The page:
About open lab
Open Lab is a leading research group in Human Computer Interaction (HCI) and Ubiquitous Computing based at Newcastle University.
We are one of the top ranked institutions at the ACM CHI Conference on Human Factors in Computing Systems, the premier international conference of Human-Computer Interaction.
We have over 100 researchers from backgrounds in healthcare, community arts, urban planning, education, social care, psychology, machine learning and more.
Our work aligns alongside Newcastle University’s globally recognized strengths in Ageing and Health, Energy, Data, Cities, and Culture and Creative Arts.
Urban Sciences Building
In September 2017, Open Lab relocated to the brand new Urban Sciences Building (USB), located in the west end of Newcastle city centre.
Now based in a state-of-the-art, modern building, Open Lab occupies a spacious portion of the first floor, with abundant resources for teaching, making and researching.
We are open by name and open by nature, so our workspace has a communal layout that fosters collaboration and discussion within and between working groups.
The USB is the flagship building of the Newcastle Helix regeneration. The award-winning building was designed by Hawkins\Brown and its surrounding area is a living laboratory which underpins research to make urban centres more sustainable for future generations. For more information visit the Urban Observatory site.
Many of Open Lab’s projects fall under the digital civics theme – designing digital technologies that help individuals, local communities, and third sector organisations have a stronger voice in public services, and local democracy.
We mainly work across themes in public health, social care, education, local democracy and more.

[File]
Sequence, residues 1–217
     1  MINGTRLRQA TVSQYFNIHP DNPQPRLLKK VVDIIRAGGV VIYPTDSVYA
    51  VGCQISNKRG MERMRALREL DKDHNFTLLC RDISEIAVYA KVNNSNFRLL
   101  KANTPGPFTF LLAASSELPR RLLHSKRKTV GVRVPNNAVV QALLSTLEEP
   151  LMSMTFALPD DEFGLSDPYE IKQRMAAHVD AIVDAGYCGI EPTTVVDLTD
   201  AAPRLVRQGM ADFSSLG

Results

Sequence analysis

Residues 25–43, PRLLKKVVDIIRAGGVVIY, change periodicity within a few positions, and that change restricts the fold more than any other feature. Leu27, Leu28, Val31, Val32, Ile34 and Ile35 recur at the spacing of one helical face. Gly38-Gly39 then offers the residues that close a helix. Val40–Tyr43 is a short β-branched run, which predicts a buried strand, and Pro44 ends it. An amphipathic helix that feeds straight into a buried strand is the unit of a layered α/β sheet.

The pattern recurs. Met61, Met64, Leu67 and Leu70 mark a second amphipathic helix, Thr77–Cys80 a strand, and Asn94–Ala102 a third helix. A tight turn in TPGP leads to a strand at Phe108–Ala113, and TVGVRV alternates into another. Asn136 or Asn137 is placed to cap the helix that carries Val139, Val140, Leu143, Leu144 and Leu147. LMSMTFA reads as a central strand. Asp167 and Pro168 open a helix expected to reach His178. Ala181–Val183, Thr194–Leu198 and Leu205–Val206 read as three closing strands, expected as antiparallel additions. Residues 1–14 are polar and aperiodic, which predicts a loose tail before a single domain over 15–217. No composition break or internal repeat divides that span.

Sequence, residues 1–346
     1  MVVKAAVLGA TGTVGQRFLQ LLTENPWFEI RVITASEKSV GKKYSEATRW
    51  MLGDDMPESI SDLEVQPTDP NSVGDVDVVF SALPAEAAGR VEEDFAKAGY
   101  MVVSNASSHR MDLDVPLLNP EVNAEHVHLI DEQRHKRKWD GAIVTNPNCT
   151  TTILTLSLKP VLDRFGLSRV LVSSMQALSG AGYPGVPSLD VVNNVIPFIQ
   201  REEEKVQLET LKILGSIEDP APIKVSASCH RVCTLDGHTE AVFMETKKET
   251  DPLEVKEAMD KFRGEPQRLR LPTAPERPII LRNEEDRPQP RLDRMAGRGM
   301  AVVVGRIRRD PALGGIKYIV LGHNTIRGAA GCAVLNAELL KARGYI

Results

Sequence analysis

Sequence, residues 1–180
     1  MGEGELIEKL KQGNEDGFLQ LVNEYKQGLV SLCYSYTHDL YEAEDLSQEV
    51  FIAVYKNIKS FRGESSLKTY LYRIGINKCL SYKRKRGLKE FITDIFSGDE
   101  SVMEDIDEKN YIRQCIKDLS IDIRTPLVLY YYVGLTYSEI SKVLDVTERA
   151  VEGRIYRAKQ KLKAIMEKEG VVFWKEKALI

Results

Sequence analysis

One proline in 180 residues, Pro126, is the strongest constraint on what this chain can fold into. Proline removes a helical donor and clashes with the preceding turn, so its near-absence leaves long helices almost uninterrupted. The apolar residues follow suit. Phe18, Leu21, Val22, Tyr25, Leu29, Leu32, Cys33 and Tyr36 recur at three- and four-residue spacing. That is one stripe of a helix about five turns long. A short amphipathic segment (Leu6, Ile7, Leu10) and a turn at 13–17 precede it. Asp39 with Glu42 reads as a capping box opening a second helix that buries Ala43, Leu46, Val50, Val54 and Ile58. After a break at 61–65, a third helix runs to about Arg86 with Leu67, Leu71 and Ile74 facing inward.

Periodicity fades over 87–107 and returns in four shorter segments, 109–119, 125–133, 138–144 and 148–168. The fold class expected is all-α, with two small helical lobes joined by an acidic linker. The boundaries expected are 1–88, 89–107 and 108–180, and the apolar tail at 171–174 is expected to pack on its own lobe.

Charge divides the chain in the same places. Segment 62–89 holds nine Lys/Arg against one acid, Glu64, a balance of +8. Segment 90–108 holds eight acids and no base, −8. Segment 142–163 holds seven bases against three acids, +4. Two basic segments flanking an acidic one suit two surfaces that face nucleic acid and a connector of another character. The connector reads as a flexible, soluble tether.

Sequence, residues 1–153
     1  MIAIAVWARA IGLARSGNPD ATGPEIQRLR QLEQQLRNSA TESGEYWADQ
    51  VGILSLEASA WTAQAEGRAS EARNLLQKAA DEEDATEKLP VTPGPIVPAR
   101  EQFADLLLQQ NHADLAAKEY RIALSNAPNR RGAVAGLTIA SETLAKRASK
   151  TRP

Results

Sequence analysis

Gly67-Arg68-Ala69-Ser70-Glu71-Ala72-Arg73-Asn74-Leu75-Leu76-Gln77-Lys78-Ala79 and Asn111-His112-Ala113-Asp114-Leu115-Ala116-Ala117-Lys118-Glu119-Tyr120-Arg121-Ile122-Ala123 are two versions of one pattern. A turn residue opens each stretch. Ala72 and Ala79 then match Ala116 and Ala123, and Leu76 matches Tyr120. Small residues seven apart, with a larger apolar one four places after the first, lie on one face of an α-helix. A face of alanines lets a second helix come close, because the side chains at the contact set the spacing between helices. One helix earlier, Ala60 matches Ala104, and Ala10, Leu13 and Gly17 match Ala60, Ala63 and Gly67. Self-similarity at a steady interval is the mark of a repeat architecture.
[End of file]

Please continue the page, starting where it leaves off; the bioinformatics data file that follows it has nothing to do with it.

Our Digital Civics funding includes the EPSRC Centre for Doctoral Training in Digital Civics, training 55 PHD students 2014-2022 and the Digital Economy Research Centre, employing 25 postdoctoral researchers across faculties in Newcastle and Northumbria University.
These HCI research projects run across the world from teaching children digital skills in the North East to working with refugees in Lebanon. We also have Open Lab Athens, a research lab working in Greece.
Open Lab’s machine learning group aims to develop state-of-the-art machine learning algorithms and AI for real-world applications.
One of our major research directions is computational behaviour analysis in different scenarios including identification/activity recognition/anomaly detection, based on various data sources, such as from wearable sensors, videos, or text.
We use deep learning, zero-shot learning, and multimodal fusion. Our group members have substantial experience in publishing papers at top-tier (applied) machine learning venues such as T-PAMI, CVPR, T-IP, AAAI, IMWUT/UbiComp, PR.
Open Lab: Athens
Open Lab Athens is a non-profit working in Greece in collaboration with researchers from Open Lab and others across Europe, including Newcastle University, Northumbria University, Swansea University, Hasselt University and Saarland University.
OL: Athens works directly alongside citizens and local groups across Greece, and their research contributes to areas such as computing, social movements, design and Digital Civics.
What is Human Computer Interaction (HCI)?
Designing with people in mind
Human Computer Interaction (HCI) is designing digital technology with people in mind. Making sure that technology works best for the people who use it. At Open Lab we take that a step further, and design technology with the communities it is intended to benefit – known as co-production.
The challenge of human-centered design is to identify ways of working effectively with so-called ‘end users’ – people who use the technology – whether they are individuals, families, communities, or organisations.
Through this approach, HCI research is not something that is done to people or on people. Rather it is research that is done with people. Through this work Open Lab aims to transform society through the creation of both off and online technologies.
We analysed over 10,000 people using our DiGGAN framework, outperforming state-of-the-art algorithms significantly on various cross-view gait identification scenarios.
Not-Equal is a three-year £1.2m UK Research and Innovation Network+ project on Social Justice and the Digital Economy.
JigsAudio is an open-source device that engages people in placeshaping and urban change by drawing and talking.